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The Rise of The Captains of Industry and Robber Barons

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Some 19th-century industrialists UN agency were known as ‘captains of industry’ overlap with those called ‘robber barons’. These embody individuals like J. P. Morgan, Andrew Carnegie, Andrew W. Mellon, Henry Ford, and John D. Rockefeller. There was a time in U.S. history when the business magnates and titans of industry boasted a lot of wealth than even today’s prime technology innovators and visionaries. Throughout America’s Gilded Age — that spanned most of the latter half of the nineteenth century, from around 1870 to 1900 — the inflation-adjusted wealth and impact of America’s most soaring figures overshadowed what we see nowadays. The wealth of individuals like John D. Rockefeller, Cornelius Vanderbilt, Henry Ford, and Andrew Carnegie would by today’s standards be measured within the many hundreds of billions of dollars — way more than technical giants like Elon Musk, Bill Gates, Mark Zuckerberg, and even Jeff Bezos, the wealthiest individual within the world as of 2019. Wealth so vast can often highlight the financial inequality of an era. It’s this concept of grandeur within the face of unresolved social concerns that led Mark Twain to coin the phrase “Gilded Age” in his 1873 novel The Gilded Age: A Tale of Today. The title recommended that the thin veneer of wealth for the elite disguised broader problems for several within the lower and middle classes.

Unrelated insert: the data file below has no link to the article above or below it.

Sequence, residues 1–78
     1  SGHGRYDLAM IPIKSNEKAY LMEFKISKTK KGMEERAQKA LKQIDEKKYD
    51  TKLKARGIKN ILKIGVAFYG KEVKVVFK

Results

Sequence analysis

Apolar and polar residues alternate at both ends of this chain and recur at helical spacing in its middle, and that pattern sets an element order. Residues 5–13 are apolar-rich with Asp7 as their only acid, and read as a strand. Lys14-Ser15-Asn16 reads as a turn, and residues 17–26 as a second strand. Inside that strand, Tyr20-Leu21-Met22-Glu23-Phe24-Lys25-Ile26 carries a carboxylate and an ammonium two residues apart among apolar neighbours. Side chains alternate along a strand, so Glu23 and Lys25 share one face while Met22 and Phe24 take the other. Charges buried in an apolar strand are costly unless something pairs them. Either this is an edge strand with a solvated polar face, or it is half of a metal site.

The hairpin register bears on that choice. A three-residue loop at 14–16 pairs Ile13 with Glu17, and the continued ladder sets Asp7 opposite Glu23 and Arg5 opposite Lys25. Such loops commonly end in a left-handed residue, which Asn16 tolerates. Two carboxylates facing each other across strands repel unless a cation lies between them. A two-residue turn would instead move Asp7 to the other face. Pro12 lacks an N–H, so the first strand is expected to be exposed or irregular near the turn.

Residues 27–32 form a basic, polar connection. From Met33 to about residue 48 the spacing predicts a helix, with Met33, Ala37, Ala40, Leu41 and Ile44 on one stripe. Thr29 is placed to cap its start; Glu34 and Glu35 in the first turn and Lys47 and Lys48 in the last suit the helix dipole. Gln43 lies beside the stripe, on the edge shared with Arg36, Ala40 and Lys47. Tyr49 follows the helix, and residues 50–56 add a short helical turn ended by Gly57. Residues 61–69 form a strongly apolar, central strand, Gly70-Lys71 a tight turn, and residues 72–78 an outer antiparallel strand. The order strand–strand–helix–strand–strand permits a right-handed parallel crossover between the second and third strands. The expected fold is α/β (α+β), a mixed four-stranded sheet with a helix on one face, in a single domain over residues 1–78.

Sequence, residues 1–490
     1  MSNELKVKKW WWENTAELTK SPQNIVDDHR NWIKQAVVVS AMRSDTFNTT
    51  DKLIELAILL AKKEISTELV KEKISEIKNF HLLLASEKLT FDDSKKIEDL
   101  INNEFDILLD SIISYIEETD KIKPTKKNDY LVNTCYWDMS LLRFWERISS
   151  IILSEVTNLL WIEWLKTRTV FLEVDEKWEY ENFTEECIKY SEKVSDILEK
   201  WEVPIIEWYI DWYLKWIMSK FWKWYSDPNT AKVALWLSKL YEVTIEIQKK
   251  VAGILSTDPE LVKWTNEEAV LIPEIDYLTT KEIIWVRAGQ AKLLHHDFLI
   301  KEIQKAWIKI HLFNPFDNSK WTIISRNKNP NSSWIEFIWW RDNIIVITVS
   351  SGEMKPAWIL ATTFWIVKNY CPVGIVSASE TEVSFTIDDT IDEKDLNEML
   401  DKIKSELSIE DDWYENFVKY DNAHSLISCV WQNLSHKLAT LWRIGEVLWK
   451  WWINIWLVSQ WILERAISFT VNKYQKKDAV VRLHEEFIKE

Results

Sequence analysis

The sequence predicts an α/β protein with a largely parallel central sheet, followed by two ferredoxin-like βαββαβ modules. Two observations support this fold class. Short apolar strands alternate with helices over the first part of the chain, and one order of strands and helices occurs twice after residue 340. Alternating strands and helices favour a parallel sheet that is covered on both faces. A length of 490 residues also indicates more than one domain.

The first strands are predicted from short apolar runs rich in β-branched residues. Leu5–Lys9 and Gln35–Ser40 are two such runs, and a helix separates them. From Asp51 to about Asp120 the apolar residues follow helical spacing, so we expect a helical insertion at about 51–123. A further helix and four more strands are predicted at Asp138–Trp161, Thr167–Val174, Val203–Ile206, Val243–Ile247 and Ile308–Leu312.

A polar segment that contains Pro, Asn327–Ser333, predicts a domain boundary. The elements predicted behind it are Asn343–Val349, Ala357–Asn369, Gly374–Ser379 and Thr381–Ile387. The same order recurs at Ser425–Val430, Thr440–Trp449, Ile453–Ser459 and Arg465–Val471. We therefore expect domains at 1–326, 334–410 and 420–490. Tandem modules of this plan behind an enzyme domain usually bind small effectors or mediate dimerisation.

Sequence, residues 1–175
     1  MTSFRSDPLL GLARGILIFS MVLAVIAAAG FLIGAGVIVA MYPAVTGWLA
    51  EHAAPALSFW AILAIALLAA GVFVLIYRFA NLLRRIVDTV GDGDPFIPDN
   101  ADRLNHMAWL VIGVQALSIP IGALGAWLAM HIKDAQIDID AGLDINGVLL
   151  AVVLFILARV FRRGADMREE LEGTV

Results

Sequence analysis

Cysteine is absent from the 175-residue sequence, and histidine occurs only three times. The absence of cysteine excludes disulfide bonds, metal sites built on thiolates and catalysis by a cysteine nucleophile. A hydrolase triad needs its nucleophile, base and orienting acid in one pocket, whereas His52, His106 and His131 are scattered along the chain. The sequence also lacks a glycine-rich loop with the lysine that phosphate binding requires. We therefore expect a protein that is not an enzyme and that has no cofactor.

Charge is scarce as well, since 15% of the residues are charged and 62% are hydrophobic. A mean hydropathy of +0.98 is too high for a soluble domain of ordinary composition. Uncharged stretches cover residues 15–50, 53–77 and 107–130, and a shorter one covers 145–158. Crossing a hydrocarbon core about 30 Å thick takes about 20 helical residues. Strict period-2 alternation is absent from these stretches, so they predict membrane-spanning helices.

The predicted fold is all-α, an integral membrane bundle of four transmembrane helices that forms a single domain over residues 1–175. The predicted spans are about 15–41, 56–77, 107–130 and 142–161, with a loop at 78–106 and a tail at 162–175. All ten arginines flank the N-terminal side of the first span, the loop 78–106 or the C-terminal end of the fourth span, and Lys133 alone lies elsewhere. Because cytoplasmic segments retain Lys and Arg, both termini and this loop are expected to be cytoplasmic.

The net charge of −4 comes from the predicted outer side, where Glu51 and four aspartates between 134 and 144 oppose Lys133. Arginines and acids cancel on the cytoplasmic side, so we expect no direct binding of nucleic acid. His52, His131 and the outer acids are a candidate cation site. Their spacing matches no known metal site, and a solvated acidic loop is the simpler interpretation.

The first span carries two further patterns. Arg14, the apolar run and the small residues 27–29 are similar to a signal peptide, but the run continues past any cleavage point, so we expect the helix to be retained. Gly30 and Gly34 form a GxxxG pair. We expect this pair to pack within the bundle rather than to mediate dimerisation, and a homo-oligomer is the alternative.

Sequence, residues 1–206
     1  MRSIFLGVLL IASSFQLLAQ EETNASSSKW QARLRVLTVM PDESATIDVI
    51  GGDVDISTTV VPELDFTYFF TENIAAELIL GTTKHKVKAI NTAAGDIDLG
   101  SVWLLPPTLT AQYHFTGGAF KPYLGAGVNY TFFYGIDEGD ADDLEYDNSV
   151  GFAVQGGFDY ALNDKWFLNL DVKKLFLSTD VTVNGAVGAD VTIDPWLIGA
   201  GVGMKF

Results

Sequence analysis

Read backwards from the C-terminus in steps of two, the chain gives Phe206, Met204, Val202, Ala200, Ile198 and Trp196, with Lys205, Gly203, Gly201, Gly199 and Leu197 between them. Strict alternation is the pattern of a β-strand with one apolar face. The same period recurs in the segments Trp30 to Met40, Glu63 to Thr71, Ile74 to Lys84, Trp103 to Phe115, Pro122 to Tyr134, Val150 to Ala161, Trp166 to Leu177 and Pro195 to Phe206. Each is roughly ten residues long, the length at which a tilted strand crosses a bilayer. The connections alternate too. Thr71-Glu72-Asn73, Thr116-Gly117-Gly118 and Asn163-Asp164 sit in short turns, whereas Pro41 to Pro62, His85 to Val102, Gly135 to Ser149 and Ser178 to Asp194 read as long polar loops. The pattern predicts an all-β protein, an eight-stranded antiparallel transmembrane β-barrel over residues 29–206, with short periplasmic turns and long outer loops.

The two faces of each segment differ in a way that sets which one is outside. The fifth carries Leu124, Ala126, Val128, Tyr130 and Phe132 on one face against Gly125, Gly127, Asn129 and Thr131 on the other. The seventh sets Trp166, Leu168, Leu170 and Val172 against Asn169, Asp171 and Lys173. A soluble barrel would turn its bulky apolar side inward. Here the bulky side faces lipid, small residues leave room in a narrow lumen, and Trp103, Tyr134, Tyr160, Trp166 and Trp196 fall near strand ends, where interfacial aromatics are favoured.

However, the progress created within the United States throughout the Gilded Age can’t be denied. As a part of the Second Industrial Revolution, the country underwent a formidable economic expansion — led by the day’s larger-than-life figures of wealth and power. An abundance of this growth was courtesy of railroads — that currently spanned from coast to coast — in addition as factories, steel, as well as coal mining industry. Big business boomed, with technology like typewriters, cash registers, and adding machines helping to transform how people worked. And the economic explosion included not only industrial growth, however, also a growth in agricultural technology like mechanical reapers. In a time of such great expansion and fewer regulations surrounding wealth and business practices, circumstances were perfect for the increase of a class of extremely wealthy individuals who made up a very small percentage of society. They had the power and means to create opportunities and jobs for the many, although with less social prioritization on workers’ rights, problems like discrimination, exploitation, and low wages marked the era. The rich elite of the late nineteenth century consisted of industrialists who amassed their fortunes as so-called robber barons and captains of industry. Both are known as business tycoons, but there was a huge difference in the way they made their fortunes. The term “robber baron” goes back to the Middle Ages and carries negative connotations. Robber barons generally used ethically questionable ways to eliminate their competition and develop a monopoly in their industry. Often, they had little empathy for workers. Captains of industry, however, were usually philanthropists. They made their wealth — and used it — in a way that would benefit society, like providing a lot of jobs or increasing productivity. It’s been argued that solely as a result of such individuals were ready to amass great amounts of capital could our country become the world’s greatest industrial power. I am on the fence about this because it is easy to see them as both “captains of industry” for making our lives easier, but also can be called “robber barons”. But you have to wonder where they doing it to make our lives easier or because it puts money into their pockets. So, I’m not so sure on where I stand.